I just read this article http://codex.wordpress.org/WordPress_Optimization/Offloading on how you can upload your content to external sources to improve speed and save bandwidth.

Anyway, my site has lots of images, but all of them are either static content or thumbnails that are placed beside each post (less than 30kb each). As I have no traffic as of now I don't really need to do this, but optimizing wouldn't hurt.

Moving my content to another server/hostname is too complicated and not worth it for a small site like mine. Then we have free hosting service like Flickr and Imgur, but I don't think the cons are worth it either.

Now I'm left with these options:
Hotlinking with Dropbox/Google Drive
CDN (Cloudflare)
Do nothing (host locally, standard upload through Wordpress)

I don't know what to choose as I don't understand what these services really do, other than it's supposed to be "better" to host externally. I tried reading up but all the jargons were overwhelming. Besides, most sources came from the services themselves.

1. Are there really any noticeable difference between uploading my content/theme images the standard way and using services like Flickr, Picasa, Google Drive, Amazon Cloud, CDN?
2. I found out that CDN is a caching service, which means I still have to host it. And now I'm confused. Am I supposed to combine CDN with external hosting, or is it an alternative to it? Meaning I can reach the same benefits as external hosting when I host locally with CDN.
3. There are popular plugins like W3 Total/Super cache. If I use those, can I ignore the options above (cause it sounds like CDN).

I'm sorry for the long post and I'm probably overcomplicating things. It's just that there are so many options, and I can't tell if they are all different methods of achieving the same thing or I'm supposed to use them altogether.

3 Answers 3


I'm probably overcomplicating things.

Right now, you are.

As I have no traffic as of now I don't really need to do this, but .... I don't know what to choose as I don't understand what these services really do, other than it's supposed to be "better" to host externally...

Then why bother with a CDN right now and all of the image hosting options you describe?

Get a good web host that can handle the little traffic you're getting now and with the small images and thumbnails you have, the site will be fast with little effort or complication.

Concentrate on the other and simpler WP performance issues, like an optimized database, the latest version of PHP, raising WP's memory allocation, browser caching, image optimization with http://wordpress.org/plugins/ewww-image-optimizer/ etc. Those aspects will go much farther right now than a CDN.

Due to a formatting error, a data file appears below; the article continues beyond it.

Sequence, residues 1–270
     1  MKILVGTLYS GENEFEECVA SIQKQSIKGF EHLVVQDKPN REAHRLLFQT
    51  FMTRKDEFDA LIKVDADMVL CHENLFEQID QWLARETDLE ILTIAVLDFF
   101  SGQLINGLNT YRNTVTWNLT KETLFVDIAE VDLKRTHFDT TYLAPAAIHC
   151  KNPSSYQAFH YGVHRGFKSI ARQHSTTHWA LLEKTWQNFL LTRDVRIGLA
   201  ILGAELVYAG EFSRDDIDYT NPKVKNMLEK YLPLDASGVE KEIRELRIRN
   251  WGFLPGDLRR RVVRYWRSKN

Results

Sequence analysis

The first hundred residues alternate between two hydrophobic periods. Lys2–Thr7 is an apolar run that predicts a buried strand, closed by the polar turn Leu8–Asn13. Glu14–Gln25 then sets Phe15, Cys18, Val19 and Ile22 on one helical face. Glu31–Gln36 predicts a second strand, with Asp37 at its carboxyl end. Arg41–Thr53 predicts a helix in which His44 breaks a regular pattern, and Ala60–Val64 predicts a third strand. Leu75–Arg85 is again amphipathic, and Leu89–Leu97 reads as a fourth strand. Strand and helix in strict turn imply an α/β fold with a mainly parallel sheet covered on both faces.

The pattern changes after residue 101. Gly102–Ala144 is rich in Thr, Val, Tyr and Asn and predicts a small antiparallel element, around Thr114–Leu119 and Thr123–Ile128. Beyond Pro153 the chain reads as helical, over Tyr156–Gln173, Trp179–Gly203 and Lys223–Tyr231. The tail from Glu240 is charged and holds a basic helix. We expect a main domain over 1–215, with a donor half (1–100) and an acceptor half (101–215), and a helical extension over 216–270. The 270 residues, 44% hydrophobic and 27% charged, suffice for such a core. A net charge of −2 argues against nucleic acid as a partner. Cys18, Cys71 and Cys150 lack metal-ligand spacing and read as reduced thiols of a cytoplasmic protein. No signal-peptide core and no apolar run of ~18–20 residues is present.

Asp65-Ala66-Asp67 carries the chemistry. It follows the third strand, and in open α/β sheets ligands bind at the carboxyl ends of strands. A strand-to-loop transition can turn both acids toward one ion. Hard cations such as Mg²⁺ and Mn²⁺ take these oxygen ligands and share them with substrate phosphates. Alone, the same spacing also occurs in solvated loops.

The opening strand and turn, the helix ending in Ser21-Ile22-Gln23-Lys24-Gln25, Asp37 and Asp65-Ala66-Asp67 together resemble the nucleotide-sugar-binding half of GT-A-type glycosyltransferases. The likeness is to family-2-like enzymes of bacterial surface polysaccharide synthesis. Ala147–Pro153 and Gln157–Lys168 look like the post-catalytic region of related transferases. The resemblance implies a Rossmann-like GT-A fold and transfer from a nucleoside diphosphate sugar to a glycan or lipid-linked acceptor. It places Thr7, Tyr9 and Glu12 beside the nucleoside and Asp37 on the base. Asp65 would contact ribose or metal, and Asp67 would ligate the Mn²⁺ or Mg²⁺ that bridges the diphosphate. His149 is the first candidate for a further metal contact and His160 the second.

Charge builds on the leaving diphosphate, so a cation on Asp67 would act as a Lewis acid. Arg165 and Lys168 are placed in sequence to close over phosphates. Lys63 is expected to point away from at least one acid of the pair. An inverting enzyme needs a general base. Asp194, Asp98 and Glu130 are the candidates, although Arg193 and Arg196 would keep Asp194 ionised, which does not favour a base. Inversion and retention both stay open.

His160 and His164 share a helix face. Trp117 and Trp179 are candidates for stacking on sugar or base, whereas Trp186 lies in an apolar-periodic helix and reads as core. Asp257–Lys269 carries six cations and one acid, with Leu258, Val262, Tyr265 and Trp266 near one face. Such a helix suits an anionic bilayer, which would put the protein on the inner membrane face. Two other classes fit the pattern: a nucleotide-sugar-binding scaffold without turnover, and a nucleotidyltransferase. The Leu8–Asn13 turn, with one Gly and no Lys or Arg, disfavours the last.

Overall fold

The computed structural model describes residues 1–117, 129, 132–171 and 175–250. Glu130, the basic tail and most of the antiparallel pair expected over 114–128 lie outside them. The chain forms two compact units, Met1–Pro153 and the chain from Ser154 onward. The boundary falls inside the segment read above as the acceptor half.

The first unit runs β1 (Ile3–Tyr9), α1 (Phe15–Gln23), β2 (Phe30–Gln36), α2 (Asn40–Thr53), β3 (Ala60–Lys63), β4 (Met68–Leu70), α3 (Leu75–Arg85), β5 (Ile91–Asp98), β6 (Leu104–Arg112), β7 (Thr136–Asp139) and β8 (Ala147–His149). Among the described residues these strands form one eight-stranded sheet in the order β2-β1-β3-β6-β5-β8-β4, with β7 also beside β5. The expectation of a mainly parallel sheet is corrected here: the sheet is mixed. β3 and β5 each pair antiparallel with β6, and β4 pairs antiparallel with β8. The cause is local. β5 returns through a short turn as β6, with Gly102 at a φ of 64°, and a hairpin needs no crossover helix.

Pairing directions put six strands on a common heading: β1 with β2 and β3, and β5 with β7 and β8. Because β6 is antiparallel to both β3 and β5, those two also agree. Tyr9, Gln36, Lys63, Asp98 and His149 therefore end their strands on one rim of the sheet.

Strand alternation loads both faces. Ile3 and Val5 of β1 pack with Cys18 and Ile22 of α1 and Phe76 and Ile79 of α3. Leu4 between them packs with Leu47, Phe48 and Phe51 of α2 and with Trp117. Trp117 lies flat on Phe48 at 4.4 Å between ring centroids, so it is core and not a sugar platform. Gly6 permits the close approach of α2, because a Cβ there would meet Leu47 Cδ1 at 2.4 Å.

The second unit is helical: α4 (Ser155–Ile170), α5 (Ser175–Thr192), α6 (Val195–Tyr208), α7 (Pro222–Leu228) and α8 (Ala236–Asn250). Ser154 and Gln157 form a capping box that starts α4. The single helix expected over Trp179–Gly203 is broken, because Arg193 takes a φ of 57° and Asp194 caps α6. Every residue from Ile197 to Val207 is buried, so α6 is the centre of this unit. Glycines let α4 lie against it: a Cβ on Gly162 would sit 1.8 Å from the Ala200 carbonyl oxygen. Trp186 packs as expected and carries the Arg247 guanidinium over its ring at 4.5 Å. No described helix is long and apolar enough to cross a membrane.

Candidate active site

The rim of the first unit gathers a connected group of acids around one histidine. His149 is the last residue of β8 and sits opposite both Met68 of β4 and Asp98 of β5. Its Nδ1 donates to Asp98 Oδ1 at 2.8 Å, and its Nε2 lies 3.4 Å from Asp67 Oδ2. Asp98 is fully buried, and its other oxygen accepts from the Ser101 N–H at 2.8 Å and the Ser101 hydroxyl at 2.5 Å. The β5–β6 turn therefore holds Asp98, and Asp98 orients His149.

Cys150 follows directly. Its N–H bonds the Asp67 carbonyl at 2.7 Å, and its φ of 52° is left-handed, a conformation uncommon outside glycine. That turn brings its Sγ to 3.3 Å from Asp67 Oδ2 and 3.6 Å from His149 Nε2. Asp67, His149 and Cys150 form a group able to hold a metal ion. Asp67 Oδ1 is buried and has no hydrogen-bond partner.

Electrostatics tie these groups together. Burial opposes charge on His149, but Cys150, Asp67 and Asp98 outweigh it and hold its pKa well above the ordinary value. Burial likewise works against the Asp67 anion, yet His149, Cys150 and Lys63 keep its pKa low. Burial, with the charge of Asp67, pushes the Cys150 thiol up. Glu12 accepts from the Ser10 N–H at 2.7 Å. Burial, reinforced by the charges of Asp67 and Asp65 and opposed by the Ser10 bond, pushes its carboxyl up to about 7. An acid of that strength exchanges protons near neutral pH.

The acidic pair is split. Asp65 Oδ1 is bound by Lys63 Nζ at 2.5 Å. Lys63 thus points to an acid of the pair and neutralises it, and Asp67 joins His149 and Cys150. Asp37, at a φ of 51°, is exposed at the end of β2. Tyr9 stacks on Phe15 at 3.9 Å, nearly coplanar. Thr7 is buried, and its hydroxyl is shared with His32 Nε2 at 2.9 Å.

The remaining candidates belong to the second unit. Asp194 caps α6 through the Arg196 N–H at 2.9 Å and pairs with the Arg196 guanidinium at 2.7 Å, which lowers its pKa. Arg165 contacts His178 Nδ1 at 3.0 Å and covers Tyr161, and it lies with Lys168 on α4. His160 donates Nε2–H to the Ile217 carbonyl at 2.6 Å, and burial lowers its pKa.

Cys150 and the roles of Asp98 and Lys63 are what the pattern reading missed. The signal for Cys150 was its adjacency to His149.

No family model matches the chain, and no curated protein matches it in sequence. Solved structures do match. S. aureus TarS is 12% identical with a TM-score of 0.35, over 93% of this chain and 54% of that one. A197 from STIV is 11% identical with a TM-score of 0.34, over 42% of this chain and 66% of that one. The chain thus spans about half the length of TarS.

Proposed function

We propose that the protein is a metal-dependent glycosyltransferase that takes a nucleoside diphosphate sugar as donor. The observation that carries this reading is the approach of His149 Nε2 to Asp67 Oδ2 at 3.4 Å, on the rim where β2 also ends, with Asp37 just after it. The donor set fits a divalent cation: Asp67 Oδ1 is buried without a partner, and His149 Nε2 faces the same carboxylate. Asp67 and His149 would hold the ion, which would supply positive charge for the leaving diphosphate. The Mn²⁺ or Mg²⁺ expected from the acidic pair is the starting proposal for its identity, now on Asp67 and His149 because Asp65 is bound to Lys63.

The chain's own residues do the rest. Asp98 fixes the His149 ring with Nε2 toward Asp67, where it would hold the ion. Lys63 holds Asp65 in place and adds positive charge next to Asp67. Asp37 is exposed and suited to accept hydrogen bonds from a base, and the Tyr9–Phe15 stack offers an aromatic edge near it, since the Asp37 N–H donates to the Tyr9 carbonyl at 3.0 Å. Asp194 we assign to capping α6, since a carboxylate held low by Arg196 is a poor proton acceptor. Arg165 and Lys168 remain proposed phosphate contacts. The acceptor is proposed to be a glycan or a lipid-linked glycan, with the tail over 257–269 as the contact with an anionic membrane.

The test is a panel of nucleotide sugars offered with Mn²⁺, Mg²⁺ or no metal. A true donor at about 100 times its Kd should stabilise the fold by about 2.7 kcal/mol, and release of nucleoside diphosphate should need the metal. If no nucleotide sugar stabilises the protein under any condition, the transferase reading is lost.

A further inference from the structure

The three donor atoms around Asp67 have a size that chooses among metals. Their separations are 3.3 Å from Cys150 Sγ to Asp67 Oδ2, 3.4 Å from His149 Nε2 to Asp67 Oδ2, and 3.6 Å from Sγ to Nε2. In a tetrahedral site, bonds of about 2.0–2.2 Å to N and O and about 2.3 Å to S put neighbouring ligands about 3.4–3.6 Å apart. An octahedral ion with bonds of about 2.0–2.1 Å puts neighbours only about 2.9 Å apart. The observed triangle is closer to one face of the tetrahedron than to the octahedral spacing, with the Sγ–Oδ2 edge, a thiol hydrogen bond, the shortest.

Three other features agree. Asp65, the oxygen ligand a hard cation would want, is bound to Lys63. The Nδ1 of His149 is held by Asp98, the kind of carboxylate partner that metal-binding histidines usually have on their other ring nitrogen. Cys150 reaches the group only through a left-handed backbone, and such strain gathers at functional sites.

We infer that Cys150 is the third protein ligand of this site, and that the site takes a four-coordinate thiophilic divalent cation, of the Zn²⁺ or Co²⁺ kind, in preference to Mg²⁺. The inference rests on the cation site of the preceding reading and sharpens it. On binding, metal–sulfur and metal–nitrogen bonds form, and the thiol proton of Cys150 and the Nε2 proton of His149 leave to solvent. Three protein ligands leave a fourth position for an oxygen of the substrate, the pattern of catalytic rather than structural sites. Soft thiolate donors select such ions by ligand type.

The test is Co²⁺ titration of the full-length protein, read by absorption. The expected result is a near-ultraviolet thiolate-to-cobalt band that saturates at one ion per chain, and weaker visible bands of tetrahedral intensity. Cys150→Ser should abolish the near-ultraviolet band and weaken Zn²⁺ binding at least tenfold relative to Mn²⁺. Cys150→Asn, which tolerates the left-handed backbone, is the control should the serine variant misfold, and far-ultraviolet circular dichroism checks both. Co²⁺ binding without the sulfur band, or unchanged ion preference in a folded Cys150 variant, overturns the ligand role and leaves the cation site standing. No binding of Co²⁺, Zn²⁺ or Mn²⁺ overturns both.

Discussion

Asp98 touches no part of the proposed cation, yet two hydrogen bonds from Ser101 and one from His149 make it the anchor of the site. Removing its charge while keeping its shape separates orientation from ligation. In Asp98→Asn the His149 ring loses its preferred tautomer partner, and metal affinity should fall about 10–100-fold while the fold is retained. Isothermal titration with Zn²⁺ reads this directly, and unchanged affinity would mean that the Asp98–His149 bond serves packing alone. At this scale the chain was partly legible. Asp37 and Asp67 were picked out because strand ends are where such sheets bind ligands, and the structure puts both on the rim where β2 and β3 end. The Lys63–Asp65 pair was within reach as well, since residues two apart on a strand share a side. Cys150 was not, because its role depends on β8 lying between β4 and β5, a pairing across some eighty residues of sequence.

For a cache plugin, use WP Super Cache http://wordpress.org/plugins/wp-super-cache/ with PHP caching, which is easier to set up than mo_rewrite.

If and when you need a CDN for traffic, use Super Cache's CDN integration and read those docs on how to use it and what it will help with. In my experience, Amazon's CloudFront or the "easy" version of CloudFlare (free at many web hosts) are the easiest CDNs to use ad integrate.

It does get complex: a Content Delivery Network (CDN) is a cache in some respects, but a cache is not necessarily solely a CDN. And CDN is an external host by definition, external to your main host (which can execute code, for one). Dropbox/Google Drive can be caches and CDNs, but I doubt they are optimal in terms of network capacity. All free image hosting - like Flickr, Picasa, etc. - can be a CDN for images, but they have APIs you will have to work with.

But keeping it simple is the best idea for usage and reliability.


I would add your images via your Media Library and child themes images folder.

Once your site starts slowing down on a shared host, you can then look at solutions to fix this like using a CDN, plugins like Smushit, caching plugins and other options different hosts and plugins offer.

  • Are CDN and caching plugins the same thing? Cause they both talk about caching yet I read that you can use both at the same time.
    – Tony Fire
    Jan 3, 2014 at 16:52
  • 1
    No but good caching plugins integrate with CDN providers. WP Super Cache and W3 Total Cache are 2 of the most popular however the best Managed hosting providers offer a far better solution and result in my opinion based on experience using different solutions. Jan 3, 2014 at 16:55

If you decide to stick with it the way you are doing it now, watch out. Last time I tried to use the standard WordPress upload, which automatically gave me the space-saving "crunching" feature, it really decreased the quality of my photos. You might not notice it with some photos, but when I put up a pic of fall leaves it was pretty disturbing. Again, I haven't tried since a couple of years ago, but you might want to experiment with that.

Your Answer

By clicking “Post Your Answer”, you agree to our terms of service and acknowledge you have read our privacy policy.

Not the answer you're looking for? Browse other questions tagged or ask your own question.